The species with the worst name is Helleborus foetidus, or stinking hellebore. This one is quite distinct from the others, with a leaf divided into seven to ten leathery segments. When the leaves are crushed, they are said to give off a foul odor, but I have been unable to detect a whiff of anything offensive. Perhaps insects are attracted to this undetectable odor; my stinking hellebore hosted an early crop of aphids while neighboring hellebores were insect free. This is a dependable perennial in Southern California shade gardens, thriving with less water than most species.
Helleborus orientalis, commonly called Lenten rose because it blooms during Lent, originates in the dry climates of Greece and Turkey. It sports leathery, dark green leaves with sharply toothed edges, produced in a mounding clump about a foot tall. Once planted, the thick tough roots prefer to be left undisturbed. The large nodding flowers come in many colors from a creamy white to a dusky plum. This species also seems to tolerate the higher temperatures of Southern California. In my experience, H. orientalis does not grow quite as vigorously as the others; still, it has dark green leaves that contrast nicely with a variegated plectranthus nearby.
Hellebores hybridize easily, and most of the plants sold in nurseries as Helleborus orientalis are actually hybrids between that species and several others; they are now referred to as garden hybrids (Helleborus x hybridus). These hybrids bear flowers ranging from dark purple to peach pink as well as a pale green, soft yellow, and pure white. Like most other hellebores, they grow best in light shade. The Perennial Plant Association chose H. x hybridus as the 2005 Perennial Plant of the Year.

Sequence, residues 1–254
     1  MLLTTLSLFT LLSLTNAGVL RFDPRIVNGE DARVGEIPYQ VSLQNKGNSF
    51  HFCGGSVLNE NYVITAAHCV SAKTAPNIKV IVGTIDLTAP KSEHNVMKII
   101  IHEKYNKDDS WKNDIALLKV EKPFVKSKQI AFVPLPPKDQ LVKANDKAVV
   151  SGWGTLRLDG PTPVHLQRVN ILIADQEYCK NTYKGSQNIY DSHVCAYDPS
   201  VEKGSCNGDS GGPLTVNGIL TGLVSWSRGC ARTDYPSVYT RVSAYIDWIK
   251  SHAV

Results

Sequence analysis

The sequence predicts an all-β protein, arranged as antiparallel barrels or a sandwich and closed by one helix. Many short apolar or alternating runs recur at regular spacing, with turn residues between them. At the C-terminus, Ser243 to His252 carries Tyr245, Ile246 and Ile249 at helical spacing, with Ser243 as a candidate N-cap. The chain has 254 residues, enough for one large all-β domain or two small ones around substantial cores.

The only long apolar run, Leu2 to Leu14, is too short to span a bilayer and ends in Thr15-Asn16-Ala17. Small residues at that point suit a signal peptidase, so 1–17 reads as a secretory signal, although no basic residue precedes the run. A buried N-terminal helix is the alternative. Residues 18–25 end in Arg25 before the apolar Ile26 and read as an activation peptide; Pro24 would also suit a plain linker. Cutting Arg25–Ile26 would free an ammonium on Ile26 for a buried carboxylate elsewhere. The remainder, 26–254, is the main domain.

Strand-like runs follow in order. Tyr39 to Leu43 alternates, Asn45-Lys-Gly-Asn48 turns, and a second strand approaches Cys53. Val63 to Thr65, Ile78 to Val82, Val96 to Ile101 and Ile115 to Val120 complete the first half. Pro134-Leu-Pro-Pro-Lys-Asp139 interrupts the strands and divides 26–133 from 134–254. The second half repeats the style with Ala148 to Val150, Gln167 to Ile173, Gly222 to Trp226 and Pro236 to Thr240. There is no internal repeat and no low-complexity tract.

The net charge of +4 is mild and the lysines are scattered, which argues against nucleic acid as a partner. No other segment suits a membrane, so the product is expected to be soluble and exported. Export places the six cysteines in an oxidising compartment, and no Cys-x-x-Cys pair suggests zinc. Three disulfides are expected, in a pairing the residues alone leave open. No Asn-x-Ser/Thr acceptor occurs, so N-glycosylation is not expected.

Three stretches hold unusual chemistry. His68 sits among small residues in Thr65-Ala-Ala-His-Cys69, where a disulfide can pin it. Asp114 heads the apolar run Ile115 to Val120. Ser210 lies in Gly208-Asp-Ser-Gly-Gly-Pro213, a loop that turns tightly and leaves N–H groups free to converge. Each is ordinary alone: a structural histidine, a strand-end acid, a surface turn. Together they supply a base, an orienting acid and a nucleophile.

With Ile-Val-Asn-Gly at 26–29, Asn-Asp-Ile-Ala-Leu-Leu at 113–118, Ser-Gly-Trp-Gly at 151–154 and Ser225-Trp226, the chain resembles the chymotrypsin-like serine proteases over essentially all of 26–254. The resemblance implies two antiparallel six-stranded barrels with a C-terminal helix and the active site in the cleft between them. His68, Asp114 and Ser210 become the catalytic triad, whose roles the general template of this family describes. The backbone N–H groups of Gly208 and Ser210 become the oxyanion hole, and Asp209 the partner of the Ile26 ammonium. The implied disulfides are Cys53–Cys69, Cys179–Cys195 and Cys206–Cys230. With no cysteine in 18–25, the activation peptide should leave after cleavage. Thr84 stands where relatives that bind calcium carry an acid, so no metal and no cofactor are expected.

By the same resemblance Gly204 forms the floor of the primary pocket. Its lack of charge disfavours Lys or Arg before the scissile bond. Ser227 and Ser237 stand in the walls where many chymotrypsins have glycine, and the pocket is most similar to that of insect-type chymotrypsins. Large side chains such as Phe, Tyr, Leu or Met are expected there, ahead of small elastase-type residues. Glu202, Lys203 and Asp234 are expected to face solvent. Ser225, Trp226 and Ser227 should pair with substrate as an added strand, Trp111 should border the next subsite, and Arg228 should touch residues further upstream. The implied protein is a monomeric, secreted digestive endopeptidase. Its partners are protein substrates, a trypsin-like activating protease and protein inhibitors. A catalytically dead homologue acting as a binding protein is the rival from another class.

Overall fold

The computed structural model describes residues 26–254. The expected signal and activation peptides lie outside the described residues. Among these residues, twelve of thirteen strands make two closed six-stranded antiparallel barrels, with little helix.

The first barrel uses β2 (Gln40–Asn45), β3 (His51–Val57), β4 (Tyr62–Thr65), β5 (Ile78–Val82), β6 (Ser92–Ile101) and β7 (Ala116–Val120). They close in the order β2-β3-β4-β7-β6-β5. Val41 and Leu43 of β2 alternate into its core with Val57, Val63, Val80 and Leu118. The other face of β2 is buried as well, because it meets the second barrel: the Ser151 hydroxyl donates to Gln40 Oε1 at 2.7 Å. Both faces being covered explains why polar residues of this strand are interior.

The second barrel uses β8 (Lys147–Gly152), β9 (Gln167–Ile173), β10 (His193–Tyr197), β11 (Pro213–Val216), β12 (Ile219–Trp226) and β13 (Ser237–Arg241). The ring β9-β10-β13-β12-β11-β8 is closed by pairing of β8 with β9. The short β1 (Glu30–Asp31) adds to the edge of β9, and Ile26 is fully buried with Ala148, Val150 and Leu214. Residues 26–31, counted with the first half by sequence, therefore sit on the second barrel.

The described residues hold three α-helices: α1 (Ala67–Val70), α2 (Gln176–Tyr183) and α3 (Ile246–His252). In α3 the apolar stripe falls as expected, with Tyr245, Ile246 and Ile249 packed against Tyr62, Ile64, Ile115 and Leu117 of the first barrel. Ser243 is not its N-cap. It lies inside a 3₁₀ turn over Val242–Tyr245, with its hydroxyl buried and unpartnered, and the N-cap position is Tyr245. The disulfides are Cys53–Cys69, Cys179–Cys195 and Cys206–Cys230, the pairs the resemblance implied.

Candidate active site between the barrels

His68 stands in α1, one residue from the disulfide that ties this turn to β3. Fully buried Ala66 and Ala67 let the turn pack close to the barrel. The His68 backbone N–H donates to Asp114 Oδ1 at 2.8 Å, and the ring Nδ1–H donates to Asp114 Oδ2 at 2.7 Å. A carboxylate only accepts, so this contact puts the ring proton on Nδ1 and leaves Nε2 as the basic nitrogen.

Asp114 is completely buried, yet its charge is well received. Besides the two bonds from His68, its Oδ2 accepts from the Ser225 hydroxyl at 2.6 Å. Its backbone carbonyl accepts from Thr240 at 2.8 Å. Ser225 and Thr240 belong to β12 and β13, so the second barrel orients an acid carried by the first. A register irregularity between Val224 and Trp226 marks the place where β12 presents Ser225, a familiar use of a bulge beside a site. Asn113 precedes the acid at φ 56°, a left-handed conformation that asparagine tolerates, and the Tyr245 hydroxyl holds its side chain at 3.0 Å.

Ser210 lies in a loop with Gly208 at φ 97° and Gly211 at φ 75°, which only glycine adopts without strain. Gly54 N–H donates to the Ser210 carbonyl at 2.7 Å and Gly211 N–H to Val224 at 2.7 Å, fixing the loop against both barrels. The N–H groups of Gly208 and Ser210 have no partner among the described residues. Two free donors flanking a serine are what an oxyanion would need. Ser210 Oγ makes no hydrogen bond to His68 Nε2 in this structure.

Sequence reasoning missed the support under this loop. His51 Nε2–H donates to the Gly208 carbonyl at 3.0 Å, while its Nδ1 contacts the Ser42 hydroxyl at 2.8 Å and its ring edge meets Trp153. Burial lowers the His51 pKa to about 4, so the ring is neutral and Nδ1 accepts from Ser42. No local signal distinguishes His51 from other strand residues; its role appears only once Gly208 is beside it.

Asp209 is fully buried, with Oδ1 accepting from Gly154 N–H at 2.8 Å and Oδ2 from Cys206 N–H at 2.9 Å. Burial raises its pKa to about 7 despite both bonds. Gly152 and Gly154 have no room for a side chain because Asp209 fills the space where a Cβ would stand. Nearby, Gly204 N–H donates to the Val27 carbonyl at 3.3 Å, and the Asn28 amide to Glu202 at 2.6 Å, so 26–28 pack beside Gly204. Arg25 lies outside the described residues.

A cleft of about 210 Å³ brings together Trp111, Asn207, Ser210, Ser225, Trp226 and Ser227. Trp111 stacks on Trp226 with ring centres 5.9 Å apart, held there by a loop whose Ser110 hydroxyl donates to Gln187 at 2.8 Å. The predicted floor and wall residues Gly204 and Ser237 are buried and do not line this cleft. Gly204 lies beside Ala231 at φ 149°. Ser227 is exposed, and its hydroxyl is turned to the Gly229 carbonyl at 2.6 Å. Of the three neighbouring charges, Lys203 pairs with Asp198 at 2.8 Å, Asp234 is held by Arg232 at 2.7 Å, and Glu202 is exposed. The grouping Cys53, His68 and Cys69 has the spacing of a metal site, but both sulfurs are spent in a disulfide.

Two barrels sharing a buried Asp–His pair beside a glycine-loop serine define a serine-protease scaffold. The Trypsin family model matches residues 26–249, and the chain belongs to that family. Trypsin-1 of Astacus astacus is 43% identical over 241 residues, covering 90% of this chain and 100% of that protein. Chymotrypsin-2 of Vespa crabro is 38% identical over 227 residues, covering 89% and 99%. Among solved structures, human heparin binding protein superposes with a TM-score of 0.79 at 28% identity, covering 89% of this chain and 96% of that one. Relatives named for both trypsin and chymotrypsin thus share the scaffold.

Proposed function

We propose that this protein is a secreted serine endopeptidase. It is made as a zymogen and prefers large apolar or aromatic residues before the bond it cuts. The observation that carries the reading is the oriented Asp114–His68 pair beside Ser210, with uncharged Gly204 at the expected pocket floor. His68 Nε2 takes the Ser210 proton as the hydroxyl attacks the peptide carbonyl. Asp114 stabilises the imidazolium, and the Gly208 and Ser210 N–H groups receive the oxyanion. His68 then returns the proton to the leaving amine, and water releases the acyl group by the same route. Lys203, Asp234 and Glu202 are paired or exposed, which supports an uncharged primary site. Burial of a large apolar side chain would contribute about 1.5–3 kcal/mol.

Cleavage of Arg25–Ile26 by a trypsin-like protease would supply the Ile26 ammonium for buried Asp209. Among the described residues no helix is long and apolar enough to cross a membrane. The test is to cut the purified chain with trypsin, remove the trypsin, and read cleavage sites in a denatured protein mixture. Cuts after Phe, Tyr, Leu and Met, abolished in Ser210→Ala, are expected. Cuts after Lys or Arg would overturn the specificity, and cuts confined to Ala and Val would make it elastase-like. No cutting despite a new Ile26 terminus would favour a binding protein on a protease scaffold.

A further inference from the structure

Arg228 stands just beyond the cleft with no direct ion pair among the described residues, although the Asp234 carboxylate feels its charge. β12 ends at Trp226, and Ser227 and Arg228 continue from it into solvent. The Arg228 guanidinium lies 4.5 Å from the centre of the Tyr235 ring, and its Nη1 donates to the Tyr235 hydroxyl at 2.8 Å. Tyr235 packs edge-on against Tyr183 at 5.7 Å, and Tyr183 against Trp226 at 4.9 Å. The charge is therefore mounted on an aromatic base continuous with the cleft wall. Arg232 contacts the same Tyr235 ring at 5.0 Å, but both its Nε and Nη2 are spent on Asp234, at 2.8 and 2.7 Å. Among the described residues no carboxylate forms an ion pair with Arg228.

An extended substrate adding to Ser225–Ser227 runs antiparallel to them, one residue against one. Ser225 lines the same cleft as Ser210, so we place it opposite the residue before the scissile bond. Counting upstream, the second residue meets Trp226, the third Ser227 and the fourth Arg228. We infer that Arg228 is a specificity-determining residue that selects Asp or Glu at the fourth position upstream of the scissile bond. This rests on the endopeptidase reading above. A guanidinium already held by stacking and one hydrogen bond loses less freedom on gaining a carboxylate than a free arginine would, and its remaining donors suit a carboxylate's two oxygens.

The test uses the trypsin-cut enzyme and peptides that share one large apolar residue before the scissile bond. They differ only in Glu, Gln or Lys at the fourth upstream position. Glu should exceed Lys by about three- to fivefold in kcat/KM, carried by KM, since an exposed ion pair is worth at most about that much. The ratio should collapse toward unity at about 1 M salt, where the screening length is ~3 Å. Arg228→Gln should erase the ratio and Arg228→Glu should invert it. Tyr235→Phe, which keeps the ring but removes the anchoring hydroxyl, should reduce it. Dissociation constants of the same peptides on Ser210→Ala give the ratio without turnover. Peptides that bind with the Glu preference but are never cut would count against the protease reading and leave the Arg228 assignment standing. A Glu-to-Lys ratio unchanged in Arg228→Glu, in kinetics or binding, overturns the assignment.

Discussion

Most hellebores prefer soil that is slightly alkaline, a condition that is no problem at all for gardeners in southern California. It’s best to amend the planting site with organic matter. I’ve found one of the best reasons to grow hellebores is the handsome look of the plant, even when it is not in bloom. Hellebores look good in formal and informal garden beds, and provide a dramatic contrast to plants with lighter green or more delicate foliage.
I’ve now graduated to the next level of hellebore “plant lust.” I want to grow more of the selections with beautiful dark purple or spotted flowers. I was delighted to find one of these hybrid plants at a recent Huntington Botanical Garden plant sale; it had the same deep red color of the flowers that I had first seen at Filoli. I may order one of the double flowering forms that have begun to show up in nursery catalogs.
After several years of experimenting with hellebores in Pasadena, my recommendation is to plant them, if possible, in a raised bed. My only complaint about this plant is that, in many species, the flowers hang down, making them hard to enjoy or photograph. I recently carved out a special bed on the slope above a retaining wall of broken concrete, where I planted four species of hellebores. The first flowers are appearing this winter; they give me tremendous pleasure flowering almost at eye level.